Until next time,


Tuesday, February 22, 2011

Day 11 of PICU stay....

I apologize for waiting so long to update, but I was hoping that we would be out of the hospital much sooner and wanted to update when we were home. Unfortunately it seems it may be a while before we are home again. So, I will try to summarize as best I can.  (Please assume I am forgetting various things as it has been a long and stressful 11 days.)

In my last post I mentioned that Samantha was not doing well and we had a pulm  appointment for the next day due to a change in breathing patterns.  The pulm appointment came and went and a sleep study was recommended and scheduled for Sunday night. The pulm noted that Sam's lungs were clear and her o2 levels were fine. That was Wednesday.  By Friday I was growing increasingly concerned about Sam.  She hadn't walked since Sunday. She was lethargic. Her breathing continued to be labored.  And, she was having episodes of "zoning out".  I called both her metabolic doctor and neuro on Friday morning.  They both called and discussed my growing concerns and felt that an admission was necessary to get things sorted out.  In addition, her metabolic doctor felt that the PICU would be a better place to observe Samantha due to her rapid changes.   On Friday night we finally got a PICU bed. The next few days were spent bothering Samantha with various tests such as an EEG, a sleep study, blood draws and a bipap trial.  Sam also earned herself an NG tube for feeding when she choked in front of the speech therapist.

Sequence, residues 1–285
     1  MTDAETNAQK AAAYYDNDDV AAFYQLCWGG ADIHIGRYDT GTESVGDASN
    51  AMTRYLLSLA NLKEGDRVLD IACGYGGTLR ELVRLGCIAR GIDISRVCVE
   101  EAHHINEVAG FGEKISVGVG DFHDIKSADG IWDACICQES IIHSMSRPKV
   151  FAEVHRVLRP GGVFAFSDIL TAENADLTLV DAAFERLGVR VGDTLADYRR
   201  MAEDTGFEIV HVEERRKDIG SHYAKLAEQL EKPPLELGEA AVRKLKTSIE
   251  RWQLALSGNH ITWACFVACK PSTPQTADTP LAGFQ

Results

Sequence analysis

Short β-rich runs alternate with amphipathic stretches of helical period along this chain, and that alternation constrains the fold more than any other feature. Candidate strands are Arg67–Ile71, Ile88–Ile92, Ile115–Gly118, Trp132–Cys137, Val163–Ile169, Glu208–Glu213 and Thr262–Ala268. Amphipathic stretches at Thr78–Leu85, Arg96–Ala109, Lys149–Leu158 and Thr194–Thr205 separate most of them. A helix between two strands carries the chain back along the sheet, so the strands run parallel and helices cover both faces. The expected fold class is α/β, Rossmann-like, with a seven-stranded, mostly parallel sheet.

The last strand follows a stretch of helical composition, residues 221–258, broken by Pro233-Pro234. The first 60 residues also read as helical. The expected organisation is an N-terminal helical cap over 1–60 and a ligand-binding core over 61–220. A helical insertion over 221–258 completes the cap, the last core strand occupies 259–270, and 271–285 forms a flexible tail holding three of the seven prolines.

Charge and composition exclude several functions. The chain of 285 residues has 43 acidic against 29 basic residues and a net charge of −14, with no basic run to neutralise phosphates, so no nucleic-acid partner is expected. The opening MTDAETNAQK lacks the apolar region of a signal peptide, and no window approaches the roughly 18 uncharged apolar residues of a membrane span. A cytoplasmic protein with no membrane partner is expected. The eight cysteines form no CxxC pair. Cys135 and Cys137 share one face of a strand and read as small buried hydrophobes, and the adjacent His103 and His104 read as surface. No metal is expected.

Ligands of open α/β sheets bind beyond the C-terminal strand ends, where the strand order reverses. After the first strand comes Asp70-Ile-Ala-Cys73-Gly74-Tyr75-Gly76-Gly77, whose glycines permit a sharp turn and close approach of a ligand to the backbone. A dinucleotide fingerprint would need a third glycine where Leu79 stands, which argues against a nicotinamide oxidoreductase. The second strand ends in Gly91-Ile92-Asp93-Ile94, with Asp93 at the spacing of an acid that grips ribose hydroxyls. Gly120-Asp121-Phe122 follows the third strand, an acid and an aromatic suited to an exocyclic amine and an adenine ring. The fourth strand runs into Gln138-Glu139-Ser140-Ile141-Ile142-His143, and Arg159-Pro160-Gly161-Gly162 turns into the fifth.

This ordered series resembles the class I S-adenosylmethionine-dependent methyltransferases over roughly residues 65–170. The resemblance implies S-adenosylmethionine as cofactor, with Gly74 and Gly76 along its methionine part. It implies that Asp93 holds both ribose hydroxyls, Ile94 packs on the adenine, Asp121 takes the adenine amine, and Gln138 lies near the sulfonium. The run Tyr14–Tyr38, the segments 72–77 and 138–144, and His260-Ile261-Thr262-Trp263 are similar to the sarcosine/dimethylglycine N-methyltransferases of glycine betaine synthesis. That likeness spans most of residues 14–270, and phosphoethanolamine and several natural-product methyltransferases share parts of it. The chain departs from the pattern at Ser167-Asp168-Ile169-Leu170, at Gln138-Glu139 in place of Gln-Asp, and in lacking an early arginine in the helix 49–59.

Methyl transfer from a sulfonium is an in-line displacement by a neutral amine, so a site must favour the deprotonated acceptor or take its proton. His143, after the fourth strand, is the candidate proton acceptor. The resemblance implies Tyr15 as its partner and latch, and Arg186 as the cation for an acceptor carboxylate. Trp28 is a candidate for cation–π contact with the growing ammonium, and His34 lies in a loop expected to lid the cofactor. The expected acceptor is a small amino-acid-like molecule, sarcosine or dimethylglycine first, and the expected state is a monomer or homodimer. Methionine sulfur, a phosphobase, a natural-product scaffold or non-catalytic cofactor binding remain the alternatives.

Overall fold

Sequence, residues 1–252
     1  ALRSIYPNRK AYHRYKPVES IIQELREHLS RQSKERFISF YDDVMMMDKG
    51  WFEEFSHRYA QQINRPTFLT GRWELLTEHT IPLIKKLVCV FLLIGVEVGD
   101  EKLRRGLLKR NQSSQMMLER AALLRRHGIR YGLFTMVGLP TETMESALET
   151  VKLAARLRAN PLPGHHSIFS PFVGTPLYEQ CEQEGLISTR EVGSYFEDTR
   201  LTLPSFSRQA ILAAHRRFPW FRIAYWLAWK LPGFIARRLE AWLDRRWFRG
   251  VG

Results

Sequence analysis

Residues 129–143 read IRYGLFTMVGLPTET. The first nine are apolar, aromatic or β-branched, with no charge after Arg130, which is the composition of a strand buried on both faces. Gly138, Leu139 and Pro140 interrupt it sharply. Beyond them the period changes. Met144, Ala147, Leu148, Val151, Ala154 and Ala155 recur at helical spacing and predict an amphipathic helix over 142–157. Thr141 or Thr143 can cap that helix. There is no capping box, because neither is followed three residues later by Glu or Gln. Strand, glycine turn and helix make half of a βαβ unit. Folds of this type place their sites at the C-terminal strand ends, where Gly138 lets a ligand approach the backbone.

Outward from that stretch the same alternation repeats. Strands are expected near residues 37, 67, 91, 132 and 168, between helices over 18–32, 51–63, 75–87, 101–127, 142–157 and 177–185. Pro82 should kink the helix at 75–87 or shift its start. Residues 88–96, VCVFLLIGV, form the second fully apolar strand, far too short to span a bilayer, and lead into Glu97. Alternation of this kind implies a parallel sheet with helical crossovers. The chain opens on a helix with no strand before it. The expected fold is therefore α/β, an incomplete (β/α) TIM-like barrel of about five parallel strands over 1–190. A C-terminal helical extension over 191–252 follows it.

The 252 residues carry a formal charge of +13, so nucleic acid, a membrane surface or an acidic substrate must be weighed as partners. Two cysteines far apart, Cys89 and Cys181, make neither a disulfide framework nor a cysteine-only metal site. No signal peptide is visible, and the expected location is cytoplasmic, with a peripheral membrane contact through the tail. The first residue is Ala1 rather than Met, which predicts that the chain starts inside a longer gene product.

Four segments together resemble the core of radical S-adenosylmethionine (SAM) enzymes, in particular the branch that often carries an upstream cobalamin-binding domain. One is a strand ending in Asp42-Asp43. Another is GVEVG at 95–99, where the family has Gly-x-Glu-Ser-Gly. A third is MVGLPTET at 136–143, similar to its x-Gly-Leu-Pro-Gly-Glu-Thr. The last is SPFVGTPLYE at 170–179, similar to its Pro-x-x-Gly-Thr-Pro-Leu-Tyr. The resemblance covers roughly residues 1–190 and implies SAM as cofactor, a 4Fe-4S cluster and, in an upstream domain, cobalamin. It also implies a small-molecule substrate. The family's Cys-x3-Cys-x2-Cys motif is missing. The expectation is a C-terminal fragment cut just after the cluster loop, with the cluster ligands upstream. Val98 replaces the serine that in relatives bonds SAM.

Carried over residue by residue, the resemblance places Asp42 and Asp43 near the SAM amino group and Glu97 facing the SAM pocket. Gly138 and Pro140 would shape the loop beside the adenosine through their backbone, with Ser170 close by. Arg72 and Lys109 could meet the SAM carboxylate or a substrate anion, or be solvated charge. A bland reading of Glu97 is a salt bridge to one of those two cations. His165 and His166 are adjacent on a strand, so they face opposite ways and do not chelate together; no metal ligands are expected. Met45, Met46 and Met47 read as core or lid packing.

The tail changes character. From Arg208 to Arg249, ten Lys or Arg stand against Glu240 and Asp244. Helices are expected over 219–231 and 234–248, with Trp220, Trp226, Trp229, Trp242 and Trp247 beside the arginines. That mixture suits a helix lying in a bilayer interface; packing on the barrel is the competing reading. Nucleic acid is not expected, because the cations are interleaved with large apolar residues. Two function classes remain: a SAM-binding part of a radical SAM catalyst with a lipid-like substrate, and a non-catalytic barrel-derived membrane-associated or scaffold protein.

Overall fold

The 24 hour EEG did not show seizure activity. The sleep study on Sunday night showed central apnea but they did not feel it was severe enough to warrant bipap at that time. Sam's lungs continued to be clear. Val and I were happy that there were no seizures and breathing support was not necessary. However, we were growing increasingly concerned about how Samantha was acting.  She was not herself, and was getting worse.  We weren't sure if it was the environment she was in, or if there were something else going on.  On Tuesday morning Sam woke up sweating profusely and her heart rate had been climbing up into the 150s.  Her blood pressure was 168 over something (sorry I forget the exact number, but it was HIGH).  Labs showed that her sodium level had dropped to 117, and the decision was made to place a line so that they could continue to monitor sodium while infusing large amounts of sodium into Sam.  The team attempted to place a line into her groin area but was unsuccessful.   They came out of the room and explained they would have to intubate Samantha in order to place a line in her neck.